Ever Increasing Circles

The overnight gales offered us a brief respite this morning, during which the

sun was permitted an appearance and the rain lessened. This was not to last, but we were fortunate for a time during which we ventured into the forest.

A dip in the landscape as we head towards Burley from Holmsley Passage, dry until recently has filled with water the surface of which ripples with reflections while fat, pendulous, raindrops slip from the branches above, sending ever increasing circular patterns into play.

Clay Hill is closed to traffic when small birds are nesting among the undergrowth. Today its own pond was fuller than it has been so far this year.

It, too, reflected the surrounding woodland,

containing dripping rose hips.

On the moorland to our left as we drove back down Holmsley Passage, several damp ponies enjoyed a small spot of sunshine, while

a fire on the opposite side of the lane seemed to be a bout of controlled burning of gorse.

This evening we dined on more of Jackie’s pasta Bolognese, this time with stir fried vegetables al dente. I drank more of the Malbec while the Culinary Queen, Flo, and Ellie, all abstained.

A Windy Day


This morning I sat in the dentist’s waiting room whilst Jackie kept an appointment.

During this time I finished reading Bruce Goodman’s ‘Bits of a Boy’. Given the amazing number of spurious dental appointments young Bruce wangled, this was probably quite appropriate. This autobiographical work must have been hidden away for at least half a century. No-one could possibly take us right into the mind of a boy at various stages of life unless he was that boy – then. Read it. On line. Or downloaded. It is a must for entertainment, for history, and for atmosphere. Oh, the memories it stirred in me.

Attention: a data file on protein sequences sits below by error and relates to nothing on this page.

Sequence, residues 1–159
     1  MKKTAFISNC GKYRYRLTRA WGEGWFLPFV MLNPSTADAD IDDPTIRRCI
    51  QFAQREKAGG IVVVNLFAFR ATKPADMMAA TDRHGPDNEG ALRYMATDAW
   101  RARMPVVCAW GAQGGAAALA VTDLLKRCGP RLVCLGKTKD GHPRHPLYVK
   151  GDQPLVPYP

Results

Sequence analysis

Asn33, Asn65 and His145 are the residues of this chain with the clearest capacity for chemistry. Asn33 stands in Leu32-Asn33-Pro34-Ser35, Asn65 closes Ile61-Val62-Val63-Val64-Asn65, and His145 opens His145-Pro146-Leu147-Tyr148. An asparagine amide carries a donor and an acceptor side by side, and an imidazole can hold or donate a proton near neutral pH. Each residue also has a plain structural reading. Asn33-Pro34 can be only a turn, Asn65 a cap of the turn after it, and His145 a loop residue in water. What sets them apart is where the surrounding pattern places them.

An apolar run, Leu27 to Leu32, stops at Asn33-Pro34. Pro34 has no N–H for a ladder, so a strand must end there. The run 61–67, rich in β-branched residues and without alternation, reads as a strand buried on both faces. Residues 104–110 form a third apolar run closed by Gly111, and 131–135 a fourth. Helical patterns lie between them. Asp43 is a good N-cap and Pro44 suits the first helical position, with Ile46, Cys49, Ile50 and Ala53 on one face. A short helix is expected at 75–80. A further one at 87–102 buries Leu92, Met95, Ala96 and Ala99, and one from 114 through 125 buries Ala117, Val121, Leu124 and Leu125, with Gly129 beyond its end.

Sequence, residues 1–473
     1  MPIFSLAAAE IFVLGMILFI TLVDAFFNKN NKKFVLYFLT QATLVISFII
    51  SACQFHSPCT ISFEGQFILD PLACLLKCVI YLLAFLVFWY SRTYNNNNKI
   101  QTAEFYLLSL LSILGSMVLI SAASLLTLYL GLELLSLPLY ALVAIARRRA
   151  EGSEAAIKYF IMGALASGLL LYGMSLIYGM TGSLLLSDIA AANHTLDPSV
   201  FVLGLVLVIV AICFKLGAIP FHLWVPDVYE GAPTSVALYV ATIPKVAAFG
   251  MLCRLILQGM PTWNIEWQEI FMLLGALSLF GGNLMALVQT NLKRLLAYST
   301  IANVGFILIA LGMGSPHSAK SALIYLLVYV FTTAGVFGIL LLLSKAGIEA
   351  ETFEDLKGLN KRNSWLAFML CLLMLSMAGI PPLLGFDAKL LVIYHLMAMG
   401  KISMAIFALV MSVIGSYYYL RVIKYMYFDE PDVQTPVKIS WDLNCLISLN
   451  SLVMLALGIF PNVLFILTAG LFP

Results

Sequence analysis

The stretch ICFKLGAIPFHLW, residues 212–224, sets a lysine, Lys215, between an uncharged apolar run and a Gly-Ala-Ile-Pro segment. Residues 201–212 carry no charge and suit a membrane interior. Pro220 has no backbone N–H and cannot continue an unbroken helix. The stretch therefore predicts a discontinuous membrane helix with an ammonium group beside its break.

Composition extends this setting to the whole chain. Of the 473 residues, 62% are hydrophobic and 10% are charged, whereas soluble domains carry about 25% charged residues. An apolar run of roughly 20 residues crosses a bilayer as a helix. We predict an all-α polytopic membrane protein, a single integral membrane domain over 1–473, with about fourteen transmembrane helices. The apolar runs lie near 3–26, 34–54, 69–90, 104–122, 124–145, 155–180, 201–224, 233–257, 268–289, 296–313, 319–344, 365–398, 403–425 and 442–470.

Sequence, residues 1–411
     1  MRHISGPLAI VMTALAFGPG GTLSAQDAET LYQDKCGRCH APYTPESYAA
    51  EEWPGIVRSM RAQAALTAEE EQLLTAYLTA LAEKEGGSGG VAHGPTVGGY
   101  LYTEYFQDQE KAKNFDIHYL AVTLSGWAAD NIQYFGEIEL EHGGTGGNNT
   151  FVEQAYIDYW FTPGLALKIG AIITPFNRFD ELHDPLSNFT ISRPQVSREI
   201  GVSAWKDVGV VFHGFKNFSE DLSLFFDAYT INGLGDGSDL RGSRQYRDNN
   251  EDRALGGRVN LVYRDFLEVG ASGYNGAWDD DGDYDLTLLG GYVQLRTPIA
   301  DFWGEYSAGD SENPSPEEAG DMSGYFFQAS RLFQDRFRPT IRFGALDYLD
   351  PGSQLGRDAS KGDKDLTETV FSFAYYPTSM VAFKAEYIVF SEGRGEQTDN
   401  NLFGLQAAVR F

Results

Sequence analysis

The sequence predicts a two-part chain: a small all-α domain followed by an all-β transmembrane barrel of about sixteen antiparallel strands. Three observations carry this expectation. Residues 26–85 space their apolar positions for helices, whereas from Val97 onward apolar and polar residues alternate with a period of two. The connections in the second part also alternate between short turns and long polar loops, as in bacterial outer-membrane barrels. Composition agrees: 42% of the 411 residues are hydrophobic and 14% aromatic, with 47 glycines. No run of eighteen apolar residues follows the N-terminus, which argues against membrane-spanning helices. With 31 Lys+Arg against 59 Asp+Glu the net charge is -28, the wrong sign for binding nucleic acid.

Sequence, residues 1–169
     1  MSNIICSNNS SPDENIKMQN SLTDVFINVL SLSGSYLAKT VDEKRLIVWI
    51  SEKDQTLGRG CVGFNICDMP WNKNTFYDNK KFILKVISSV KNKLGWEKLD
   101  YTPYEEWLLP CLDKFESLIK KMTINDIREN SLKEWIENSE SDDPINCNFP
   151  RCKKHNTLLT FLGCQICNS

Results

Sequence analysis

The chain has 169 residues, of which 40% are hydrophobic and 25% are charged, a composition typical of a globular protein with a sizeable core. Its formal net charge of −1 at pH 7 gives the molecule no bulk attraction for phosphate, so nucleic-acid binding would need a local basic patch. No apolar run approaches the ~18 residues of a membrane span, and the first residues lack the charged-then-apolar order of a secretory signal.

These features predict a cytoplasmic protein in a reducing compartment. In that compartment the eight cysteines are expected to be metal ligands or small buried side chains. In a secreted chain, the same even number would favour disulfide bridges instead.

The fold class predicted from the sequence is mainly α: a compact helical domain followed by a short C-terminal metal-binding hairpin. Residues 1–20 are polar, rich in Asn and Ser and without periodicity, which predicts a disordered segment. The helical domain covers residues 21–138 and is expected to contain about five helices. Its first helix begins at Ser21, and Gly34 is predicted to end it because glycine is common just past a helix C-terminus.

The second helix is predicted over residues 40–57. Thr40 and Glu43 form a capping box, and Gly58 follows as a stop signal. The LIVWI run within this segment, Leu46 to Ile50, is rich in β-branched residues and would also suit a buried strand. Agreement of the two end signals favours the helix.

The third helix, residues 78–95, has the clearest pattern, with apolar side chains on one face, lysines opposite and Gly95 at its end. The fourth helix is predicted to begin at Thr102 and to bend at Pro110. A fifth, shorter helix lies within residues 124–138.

After lunch Jackie drove us to Lepe and back.

Attracted by a group of tiny ponies we stopped at Norley Wood where Jackie waited in the car for me to photograph the creatures.

Other cameras and mobile phones came into play. One woman took her photos through an open car window;

another group walked up to, and petted the animals.

They fully understood why I named this windswept pony Donald.

I have mentioned before that gorse in the forest is regularly thinned out by controlled burning. For this reason an unusually great number of larger ponies grazed on the left hand side of the road outside Beaulieu.

A few, more reluctant, after the land had cooled, to leave their  familiar territory had returned to the other side, sometimes, ghostlike, reaching up into the remaining charred bushes, sometimes foraging on the grass.

There are still a large number of waterlogged trees in pools around the forest, offering, like these near Exbury, many arboreal reflections.

How did these tyres come to be in the water?

Mallards on pool

As usual, mallards, had occupied another recent pool.

So windy was it at Lepe that the waves were extremely choppy.

Yacht without sail

One yacht made its way without sail;

others, against the backdrop of the Isle of Wight, leaned at an impressive angle;

and a sailboarder skimmed across from the island and back in the blink of an eye.

Clifftop landscape

Gorse bushes and rugged trees on the clifftop bent with the wind;

Daffodils and Watch House 1

and daffodils lit the bank above the Watch House.

This evening we dined at Daniel’s Fish and Chips restaurant in Highcliffe. Jackie added onion rings to her cod and chips. My supplements were mushy peas and a roll and butter. I drank tea, and Jackie didn’t.


Post On A Till Roll